A heartbreaking secret emerges for an Indo-Candian family: a relative sexually abused three of the sisters for years.
After nearly two decades of silence, we meet sisters Jeeti, Kira and Salakshana Pooni, now adults, at the end of their court case against their abuser. Director Baljit Sangra deftly captures the emotional journey the women face not just navigating the justice system but confronting their family for standing by while the abuse happened.
BECAUSE WE ARE GIRLS explores the impact of sexual abuse on a traditional Punjabi family and shines a light on the nuances of gendered violence and the cultural systems that reinforce and perpetuate the trauma of abuse. Through intimate interviews spliced with home videos and old Bollywood footage, Sangra paints an intimate portrait of a family on their journey toward healing. —Ashlyn Perri
THIS FILM IS AVAILABLE ON DEMAND.
About the Filmmaker: Baljit Sangra is a Vancouver-based filmmaker who uses documentary and factual entertainment to explore social and cross-cultural issues. A six-time Leo Award nominee, Sangra’s films have routinely premiered at festivals around the world. Her most recent project is the NFB-produced feature documentary Because We Are Girls, exploring the impact of sexual abuse on a family. Her previous documentaries include the award-winning Many Rivers Home, a personal story about seniors living in assisted care at the end of life; and Warrior Boyz, examining the long-running gang scene unique to the Indo-Canadian enclave of BC’s Lower Mainland; Hockey United, which follows two amateur South Asian hockey players with their eyes on the NHL. She also produced an E TV series VIVA! for CityTV; Channel M/Omni for several seasons. Baljit runs her own production company Viva Mantra films and has line produced several international projects from all over the globe. Sangra is currently a Co-chair of the BC chapter of Documentary Organization of Canada and previously sat on the board of the Vancouver Asian Film Festival.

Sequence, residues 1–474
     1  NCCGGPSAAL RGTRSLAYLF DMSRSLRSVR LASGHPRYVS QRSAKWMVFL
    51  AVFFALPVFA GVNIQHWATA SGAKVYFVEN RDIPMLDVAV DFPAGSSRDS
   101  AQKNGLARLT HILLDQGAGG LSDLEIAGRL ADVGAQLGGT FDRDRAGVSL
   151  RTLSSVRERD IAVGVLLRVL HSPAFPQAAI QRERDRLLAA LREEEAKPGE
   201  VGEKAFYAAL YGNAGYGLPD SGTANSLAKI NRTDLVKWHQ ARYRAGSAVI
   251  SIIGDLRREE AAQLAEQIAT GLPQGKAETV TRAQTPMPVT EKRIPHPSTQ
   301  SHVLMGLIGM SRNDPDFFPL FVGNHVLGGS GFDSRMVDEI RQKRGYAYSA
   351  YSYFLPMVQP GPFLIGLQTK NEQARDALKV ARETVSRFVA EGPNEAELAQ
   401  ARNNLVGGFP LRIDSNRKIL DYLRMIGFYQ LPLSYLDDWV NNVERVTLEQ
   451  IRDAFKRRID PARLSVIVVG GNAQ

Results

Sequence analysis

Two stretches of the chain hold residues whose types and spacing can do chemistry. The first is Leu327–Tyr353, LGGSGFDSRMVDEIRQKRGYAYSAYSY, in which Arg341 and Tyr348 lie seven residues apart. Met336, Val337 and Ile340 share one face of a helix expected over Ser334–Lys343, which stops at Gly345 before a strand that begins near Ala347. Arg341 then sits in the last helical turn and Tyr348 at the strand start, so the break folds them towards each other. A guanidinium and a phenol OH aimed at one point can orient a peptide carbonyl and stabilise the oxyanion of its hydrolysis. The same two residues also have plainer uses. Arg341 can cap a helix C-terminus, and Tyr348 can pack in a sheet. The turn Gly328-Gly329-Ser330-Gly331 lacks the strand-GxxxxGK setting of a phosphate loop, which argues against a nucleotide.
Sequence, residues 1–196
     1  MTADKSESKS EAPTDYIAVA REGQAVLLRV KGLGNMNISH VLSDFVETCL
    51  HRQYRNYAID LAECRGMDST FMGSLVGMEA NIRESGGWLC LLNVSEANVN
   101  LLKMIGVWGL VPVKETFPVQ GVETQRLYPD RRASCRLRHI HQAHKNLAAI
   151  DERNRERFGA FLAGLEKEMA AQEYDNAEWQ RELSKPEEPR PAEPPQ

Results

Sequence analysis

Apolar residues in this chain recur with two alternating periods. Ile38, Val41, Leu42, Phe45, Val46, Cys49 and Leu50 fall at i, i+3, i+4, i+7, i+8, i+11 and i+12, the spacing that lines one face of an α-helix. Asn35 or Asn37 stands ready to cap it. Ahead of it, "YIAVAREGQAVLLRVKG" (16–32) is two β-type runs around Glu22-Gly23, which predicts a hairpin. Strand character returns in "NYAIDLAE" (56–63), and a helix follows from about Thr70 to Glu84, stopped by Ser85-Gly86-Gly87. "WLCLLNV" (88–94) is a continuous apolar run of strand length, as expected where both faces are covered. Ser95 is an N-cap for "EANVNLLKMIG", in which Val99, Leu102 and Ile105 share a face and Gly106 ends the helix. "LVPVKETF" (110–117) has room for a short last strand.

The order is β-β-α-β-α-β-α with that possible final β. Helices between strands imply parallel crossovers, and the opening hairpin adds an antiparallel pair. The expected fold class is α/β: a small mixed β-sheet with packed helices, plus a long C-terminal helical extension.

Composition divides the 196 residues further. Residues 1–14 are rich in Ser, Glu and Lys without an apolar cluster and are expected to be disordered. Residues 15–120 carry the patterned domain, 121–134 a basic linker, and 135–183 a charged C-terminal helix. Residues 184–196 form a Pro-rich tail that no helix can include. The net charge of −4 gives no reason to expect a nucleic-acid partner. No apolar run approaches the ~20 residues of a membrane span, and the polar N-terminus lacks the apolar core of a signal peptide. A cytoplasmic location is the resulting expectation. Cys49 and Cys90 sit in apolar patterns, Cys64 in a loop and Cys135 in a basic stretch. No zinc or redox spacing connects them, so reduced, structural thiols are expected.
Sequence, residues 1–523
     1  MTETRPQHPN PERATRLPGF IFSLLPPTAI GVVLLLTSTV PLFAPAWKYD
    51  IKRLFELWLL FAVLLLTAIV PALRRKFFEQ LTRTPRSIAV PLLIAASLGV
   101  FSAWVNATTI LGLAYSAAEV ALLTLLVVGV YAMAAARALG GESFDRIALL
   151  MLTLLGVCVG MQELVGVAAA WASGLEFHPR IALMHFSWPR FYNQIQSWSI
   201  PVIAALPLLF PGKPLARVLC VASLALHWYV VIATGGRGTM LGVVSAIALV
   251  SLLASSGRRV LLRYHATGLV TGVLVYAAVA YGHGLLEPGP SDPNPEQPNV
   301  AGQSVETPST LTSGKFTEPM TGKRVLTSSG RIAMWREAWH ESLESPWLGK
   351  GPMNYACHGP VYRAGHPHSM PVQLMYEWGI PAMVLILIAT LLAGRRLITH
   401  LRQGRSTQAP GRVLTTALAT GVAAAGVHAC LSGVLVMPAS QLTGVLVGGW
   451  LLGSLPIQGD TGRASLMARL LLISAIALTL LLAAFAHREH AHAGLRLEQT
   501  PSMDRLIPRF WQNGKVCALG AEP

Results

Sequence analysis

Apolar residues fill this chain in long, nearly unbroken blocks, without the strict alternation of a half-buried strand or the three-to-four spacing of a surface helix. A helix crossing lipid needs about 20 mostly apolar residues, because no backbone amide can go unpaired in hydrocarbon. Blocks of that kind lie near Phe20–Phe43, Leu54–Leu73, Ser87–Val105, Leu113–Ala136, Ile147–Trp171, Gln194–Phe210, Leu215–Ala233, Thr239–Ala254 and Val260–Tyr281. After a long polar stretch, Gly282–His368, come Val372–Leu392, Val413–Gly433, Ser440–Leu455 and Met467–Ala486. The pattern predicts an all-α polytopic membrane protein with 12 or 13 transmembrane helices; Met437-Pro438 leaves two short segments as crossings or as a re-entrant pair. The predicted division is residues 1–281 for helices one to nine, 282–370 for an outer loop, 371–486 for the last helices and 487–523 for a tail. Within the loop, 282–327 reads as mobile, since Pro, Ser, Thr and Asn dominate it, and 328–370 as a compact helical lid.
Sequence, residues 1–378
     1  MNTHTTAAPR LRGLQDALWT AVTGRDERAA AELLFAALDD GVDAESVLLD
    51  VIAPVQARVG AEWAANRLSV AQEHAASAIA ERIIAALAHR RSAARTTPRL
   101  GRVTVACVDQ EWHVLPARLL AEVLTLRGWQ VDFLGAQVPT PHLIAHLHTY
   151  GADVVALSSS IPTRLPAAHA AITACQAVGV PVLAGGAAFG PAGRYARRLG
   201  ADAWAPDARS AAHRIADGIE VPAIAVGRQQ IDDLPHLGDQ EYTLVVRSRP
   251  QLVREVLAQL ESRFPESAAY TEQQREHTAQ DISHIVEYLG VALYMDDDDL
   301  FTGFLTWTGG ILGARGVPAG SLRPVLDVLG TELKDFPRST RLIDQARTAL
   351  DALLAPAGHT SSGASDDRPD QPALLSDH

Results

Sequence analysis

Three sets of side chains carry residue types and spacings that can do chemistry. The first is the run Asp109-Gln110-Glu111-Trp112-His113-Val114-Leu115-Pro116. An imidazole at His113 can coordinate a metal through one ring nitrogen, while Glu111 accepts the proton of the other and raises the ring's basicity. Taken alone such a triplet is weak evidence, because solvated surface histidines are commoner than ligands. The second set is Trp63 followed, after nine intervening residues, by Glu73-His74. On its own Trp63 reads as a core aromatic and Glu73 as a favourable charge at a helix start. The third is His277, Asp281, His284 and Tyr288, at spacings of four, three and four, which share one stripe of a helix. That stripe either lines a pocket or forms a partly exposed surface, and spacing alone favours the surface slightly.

Co-Presenter: 3rd i South Asian Film
In this emotionally compelling short, acclaimed director Baljit Sangra shines light on North American’s oldest running Sikh Temple and the struggle it represents.